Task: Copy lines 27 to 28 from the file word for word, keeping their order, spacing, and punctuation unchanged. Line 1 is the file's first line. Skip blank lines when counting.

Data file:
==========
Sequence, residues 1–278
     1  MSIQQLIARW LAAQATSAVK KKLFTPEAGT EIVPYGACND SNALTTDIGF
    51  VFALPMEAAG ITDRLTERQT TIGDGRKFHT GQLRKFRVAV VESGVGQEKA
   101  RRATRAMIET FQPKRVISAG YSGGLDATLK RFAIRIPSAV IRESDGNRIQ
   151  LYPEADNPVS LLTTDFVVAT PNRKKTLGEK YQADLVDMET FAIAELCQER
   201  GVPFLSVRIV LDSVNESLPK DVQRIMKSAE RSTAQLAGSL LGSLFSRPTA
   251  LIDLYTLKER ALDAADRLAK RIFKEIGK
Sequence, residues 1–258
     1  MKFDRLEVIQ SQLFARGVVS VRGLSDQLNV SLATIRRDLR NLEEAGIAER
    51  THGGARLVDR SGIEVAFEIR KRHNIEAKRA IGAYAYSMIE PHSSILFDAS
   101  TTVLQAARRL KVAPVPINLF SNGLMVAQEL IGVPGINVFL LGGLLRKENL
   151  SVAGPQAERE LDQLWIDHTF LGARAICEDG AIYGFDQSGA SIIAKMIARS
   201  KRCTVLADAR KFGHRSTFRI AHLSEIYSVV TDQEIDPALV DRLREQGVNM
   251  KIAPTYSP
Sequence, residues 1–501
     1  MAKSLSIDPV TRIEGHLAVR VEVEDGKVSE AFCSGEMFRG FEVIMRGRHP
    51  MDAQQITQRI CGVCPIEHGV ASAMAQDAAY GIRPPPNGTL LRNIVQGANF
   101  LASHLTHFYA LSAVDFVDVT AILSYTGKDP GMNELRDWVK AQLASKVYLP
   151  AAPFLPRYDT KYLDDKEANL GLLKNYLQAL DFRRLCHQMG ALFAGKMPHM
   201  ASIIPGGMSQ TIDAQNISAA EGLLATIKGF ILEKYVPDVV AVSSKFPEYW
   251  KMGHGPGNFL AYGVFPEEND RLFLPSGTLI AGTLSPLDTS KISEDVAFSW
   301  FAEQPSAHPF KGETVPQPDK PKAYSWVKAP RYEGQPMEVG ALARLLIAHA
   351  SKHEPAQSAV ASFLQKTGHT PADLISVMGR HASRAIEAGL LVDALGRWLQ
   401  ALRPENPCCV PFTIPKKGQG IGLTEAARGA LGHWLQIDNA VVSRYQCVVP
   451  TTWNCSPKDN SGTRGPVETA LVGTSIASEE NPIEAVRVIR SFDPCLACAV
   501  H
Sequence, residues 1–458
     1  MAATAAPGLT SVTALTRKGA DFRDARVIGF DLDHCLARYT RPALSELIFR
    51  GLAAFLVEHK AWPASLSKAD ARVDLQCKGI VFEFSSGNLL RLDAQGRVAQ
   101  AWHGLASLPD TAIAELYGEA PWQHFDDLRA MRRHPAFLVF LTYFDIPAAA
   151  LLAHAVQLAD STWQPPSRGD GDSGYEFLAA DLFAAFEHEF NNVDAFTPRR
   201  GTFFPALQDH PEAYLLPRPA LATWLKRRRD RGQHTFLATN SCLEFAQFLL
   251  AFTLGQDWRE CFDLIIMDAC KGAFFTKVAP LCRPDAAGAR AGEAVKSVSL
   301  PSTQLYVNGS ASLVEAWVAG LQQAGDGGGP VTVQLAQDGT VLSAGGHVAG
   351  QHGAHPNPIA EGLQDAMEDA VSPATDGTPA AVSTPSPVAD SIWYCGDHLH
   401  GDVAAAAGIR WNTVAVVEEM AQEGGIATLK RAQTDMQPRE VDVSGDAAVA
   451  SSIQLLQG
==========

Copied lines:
Sequence, residues 1–458
     1  MAATAAPGLT SVTALTRKGA DFRDARVIGF DLDHCLARYT RPALSELIFR